In 2006, Jonathan Papelbon burst onto the scene, immediately declaring himself among the best closers in baseball. While we may never see those numbers (0.96 ERA, 0.776 WHIP) from Papelbon again, what he's doing in 2011 might be even better.
Consider this: Despite those lights-out numbers back in '06, Papelbon still blew six saves to finish the season with an 85.3 percent success rate on save opportunities. Say what you will about the frivolity of the save statistic, but for a closer, your job is to not blow saves. Despite the absurd numbers, Papelbon was just average at that task in '06.
Five years later, despite an ERA that is 2.16 points higher than the '06 mark and a WHIP that is .211 points higher, Papelbon may be at his very best.
His save in Seattle on Friday night continued a stretch that has seen Papelbon be one of the most lethal pitchers in baseball since mid-July. In his last 12 outings, all of which required one inning of work, Papelbon has struck out 13 batters while allowing just three singles and walking nobody. He's thrown 74 percent of his 151 pitches for strikes, and of those strikes, 15 percent have resulted in swings and misses.
Take it back further, and Papelbon's been pretty much lights out since early June. Since his worst outing of the year (four runs, three earned, in 1/3 of an inning against Oakland), Papelbon's allowed just 20 batters to reach base (15 hits, four walks, one HBP) in 24 2/3 innings for a 0.770 WHIP. He's struck out 31 batters in that same span for 1.26 strikeouts-per-inning, or 11.31 K/9.
Simply put, he's been almost unhittable.
And, in the simplest of all measurements for closers, he's been nearly perfect, earning saves in 27 of his 28 chances (96 percent success rate). He's just three away from recording 30 saves in six consecutive seasons. For some perspective, Mariano Rivera holds the all-time record with 30 saves in nine straight seasons.
Papelbon's overall numbers (3.08 ERA, for one) still don't reflect much dominance, but they are largely the result of a bad start. But the Red Sox, as a team, have proven over the past three months or so that you shouldn't do much judging based on the first month of the season.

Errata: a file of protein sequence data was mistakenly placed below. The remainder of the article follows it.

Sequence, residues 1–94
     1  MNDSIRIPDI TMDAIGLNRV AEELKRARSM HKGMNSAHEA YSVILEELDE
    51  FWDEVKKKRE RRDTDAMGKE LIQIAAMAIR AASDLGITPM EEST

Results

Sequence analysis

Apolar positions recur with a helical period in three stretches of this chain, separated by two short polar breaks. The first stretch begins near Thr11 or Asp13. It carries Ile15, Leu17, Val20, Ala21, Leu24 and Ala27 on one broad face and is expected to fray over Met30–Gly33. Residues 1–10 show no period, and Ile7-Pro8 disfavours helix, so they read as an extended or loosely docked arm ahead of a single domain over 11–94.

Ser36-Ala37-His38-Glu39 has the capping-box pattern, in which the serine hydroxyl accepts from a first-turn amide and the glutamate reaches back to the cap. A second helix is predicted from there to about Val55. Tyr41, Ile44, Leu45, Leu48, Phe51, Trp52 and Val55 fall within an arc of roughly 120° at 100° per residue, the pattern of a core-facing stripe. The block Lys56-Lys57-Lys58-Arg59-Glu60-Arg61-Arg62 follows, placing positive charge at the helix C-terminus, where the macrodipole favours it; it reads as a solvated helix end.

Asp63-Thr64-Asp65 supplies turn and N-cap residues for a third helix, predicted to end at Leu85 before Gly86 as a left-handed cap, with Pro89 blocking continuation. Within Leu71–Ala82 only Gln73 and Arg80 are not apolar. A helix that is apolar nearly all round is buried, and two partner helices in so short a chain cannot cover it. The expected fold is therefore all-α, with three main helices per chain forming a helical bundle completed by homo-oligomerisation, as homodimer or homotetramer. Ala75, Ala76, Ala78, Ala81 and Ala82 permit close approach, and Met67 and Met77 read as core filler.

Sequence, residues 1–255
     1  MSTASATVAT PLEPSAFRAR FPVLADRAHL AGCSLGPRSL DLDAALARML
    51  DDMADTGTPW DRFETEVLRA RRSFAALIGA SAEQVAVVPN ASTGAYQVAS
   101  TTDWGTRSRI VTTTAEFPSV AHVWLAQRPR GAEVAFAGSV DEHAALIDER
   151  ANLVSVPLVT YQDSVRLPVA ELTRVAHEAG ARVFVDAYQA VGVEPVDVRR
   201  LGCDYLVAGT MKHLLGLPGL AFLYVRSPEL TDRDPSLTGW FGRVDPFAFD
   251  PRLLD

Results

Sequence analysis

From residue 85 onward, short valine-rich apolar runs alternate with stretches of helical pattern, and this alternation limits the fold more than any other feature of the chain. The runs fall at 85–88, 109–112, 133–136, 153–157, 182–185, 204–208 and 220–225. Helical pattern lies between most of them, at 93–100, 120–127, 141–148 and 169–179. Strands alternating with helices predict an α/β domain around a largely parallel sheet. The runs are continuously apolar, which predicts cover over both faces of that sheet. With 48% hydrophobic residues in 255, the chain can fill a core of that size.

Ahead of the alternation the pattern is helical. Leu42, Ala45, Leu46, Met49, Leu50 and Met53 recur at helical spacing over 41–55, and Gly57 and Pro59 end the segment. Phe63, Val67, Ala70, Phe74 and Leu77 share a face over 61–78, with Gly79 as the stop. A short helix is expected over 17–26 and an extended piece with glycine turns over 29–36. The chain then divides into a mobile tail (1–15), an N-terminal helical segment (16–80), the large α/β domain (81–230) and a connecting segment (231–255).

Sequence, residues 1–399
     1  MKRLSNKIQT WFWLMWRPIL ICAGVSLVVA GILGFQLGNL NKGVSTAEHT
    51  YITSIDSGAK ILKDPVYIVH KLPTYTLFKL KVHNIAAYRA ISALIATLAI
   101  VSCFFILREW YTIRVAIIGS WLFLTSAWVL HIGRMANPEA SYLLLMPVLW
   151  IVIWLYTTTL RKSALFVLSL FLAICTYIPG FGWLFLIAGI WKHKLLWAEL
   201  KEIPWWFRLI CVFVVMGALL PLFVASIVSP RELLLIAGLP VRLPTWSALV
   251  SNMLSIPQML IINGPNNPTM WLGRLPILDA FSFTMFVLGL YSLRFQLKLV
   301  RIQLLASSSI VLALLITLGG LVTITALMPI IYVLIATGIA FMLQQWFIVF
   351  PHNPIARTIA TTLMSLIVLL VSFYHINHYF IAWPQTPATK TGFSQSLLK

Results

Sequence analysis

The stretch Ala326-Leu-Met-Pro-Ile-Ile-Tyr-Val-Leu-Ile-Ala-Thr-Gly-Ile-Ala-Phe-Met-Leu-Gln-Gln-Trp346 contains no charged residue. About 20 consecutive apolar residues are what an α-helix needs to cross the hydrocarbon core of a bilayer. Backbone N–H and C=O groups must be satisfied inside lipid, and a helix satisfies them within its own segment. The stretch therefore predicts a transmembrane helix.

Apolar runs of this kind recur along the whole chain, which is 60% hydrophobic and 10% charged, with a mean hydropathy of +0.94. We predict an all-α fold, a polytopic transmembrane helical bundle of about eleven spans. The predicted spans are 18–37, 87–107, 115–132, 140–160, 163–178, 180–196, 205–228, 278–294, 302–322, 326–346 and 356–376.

Some could argue that with Papelbon feeling impending free agency for the very first time, you could have seen this coming. He is a guy who for years has said he's happy as a clam to sign one-year deals with the Sox until he reached free agency this winter. Still, given what looked to be a dramatic dip in dominance over the past couple of seasons, it would have been hard not to have had your doubts coming into the year.
The blown postseason save against Anaheim was fresh on everyone's minds throughout 2010, when Papelbon was still an effective pitcher but posted the highest ERA and WHIP numbers of his career (as a reliever). He also blew eight saves on 45 chances, allowed more homers (seven) and walks (28) than ever before, and seemed to have lost that unmeasurable edge that made him one of the most dominant finishers in the game.
This year, though, he's gotten it back. While the Red Sox can't know if he'll be doing it in a Red Sox uniform beyond 2011, they can know that as they embark on the trek to try to win the World Series this October, they'll have the fiery Papelbon who's almost unhittable closing out their games. For now, that's all that really matters.
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